Zero Waste Shops: How to reduce your carbon footprint without increasing your food budget

Addressing the myth that they aren’t accessible for students

When you’re doing your weekly shopping in big Sainsburys, browsing the aisles and scouring for the cheapest, student-friendly options, do you stop and consider the amount of plastic involved? Probably not, because, except for some fruit and vegetables, there isn’t another option. Whilst supermarkets have made some effort at reducing plastic waste like charging for disposable bags, they have a long way to go before any real reduction in plastic is seen.

If you’ve spent what seems like hours making sure your bins are sorted into tins, glass, plastic and cardboard, you’ll know that most soft plastic can’t be recycled. So, those bags that your pasta, crisps and vegetables come in go to waste, contributing to the ever-pressing climate crisis.

In January 2021, the Guardian found that supermarkets were still putting 900,000 tonnes of plastic on the shelves, creating a massive carbon footprint that regular consumers, like most students, inevitably contribute to.

Whilst we cannot fix the climate crisis alone, there is an alternative to this plastic-filled nightmare: Zero-waste shops. Bristol students are privileged to live in one of the greenest cities in the UK with a surplus of zero-waste shops to visit. I recently started shopping at Scoop Away on Whiteladies Road and have since discovered the convenience and beauty of zero-waste shops.

Myths surrounding these shops are rife. Most people I have spoken to view them as expensive, limited and inaccessible, but this couldn’t be further from the truth. What I have found is that their prices are no different from the ordinary supermarket. Scoop Whole Foods offers a 10 per cent student discount which does add up.

If you have empty containers lying around you can bring them in or, if not, they have brown bags that you can fill and take back to reuse. The system is easy: you get a pen and a basket, take around your bags or pots, write the code of the product on the bag and fill it up with as much as you want. This means you can choose the exact amount you need, minimising food waste.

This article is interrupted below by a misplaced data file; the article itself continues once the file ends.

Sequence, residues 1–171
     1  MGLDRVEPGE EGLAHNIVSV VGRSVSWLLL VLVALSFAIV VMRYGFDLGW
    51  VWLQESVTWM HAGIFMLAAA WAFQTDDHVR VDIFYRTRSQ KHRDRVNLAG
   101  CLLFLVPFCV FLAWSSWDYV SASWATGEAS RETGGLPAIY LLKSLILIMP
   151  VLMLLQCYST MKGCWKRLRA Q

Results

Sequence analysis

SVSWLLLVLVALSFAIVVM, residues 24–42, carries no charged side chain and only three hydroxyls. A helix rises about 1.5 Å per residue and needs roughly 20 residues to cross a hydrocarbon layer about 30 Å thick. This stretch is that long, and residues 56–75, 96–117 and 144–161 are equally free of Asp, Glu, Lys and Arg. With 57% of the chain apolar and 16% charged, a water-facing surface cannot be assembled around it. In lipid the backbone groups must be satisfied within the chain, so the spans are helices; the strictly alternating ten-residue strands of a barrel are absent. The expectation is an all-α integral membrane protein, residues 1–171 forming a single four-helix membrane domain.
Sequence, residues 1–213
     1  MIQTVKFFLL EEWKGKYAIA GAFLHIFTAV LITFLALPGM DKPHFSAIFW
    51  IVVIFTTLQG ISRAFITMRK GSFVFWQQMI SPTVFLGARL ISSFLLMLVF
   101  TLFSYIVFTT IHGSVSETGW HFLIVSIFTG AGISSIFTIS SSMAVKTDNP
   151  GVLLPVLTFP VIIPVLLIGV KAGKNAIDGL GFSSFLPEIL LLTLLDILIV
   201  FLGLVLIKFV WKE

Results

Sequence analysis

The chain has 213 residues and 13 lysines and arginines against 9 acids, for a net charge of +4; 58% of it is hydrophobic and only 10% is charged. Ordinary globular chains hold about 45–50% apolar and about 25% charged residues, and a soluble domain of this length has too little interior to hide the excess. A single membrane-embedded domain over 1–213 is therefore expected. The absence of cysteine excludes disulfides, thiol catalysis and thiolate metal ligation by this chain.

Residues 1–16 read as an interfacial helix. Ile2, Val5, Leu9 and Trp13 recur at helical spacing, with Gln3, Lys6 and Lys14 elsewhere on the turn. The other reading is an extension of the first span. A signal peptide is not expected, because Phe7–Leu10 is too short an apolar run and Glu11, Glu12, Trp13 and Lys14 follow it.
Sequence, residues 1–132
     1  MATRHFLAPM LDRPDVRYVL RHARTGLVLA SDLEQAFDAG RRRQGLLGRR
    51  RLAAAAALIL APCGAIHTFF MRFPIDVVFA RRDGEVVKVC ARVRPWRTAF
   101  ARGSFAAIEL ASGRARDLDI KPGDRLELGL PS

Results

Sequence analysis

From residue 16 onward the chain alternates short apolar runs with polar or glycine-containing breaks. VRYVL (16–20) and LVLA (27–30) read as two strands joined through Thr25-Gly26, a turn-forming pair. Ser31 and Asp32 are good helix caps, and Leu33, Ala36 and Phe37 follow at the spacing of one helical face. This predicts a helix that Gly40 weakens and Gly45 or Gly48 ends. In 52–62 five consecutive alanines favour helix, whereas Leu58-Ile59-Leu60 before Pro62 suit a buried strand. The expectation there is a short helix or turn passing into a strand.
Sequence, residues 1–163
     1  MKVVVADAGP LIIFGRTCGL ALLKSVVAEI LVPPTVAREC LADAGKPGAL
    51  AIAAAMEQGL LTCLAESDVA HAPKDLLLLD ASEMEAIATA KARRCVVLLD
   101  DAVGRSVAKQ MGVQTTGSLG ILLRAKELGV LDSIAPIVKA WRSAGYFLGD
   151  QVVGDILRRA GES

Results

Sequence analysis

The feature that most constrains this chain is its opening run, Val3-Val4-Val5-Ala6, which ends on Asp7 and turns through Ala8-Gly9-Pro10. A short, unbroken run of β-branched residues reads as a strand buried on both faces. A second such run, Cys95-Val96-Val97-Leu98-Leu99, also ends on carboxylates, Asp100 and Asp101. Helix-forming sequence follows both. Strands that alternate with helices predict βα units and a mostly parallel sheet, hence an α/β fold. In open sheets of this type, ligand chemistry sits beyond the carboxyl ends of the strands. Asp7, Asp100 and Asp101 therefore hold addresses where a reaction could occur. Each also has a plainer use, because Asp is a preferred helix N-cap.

They have so many options and that really will fill up your food cupboard. From pasta to porridge, chocolate to dried fruit, flour, vegetable stock, vegan sausage mixture, every herb under the sun and so much more. All the items have an ingredient list to accommodate any allergies or intolerances.

I spoke to the owner, Rich Green, who helped to debunk some myths and emphasise why zero-waste shops are so important. When asked why he got into this line of work, Rich said: “I have always been into health and fitness and trying to cut down on plastic waste. I found myself driving to many different shops to try and buy everything I needed which seemed counterproductive.

“Therefore the concept of Scoop arrived attempting to be the sustainable alternative to supermarket shopping.” Rich believes in attracting more young people to the shop and feels that more students should shop there because it allows us to buy what we need and therefore can end up being cheaper if done properly.

I was curious to ask Rich what myths he felt needed debunking, to which he replied: “It is not expensive, and it is not just for the ‘hippy’ types. We offer prices very competitive with most supermarket prices when compared like for like.

We worked hard to create an easy solution to shopping zero waste with the design of our scoop bins, we maintain high cleanliness standards so when you walk into our shop it is bright and clean and easy to shop. Something that we believe is above the standards of a lot of other zero-waste shops.”

If you are interested in contributing to helping the climate crisis, shopping at zero-waste shops is one easy and fun way to do it. Most of their items are organic, with minimal ultra-processed foods. Therefore not only is it an environmentally friendly alternative, but a healthy one as well. So next time you find yourself walking down to Big Sainsburys walk up just a little bit and try Scoop Wholefoods or one of the other many zero waste shops in Bristol including: Preserve, Smaller Footprints, Zero Green, Eco Living and so many more.

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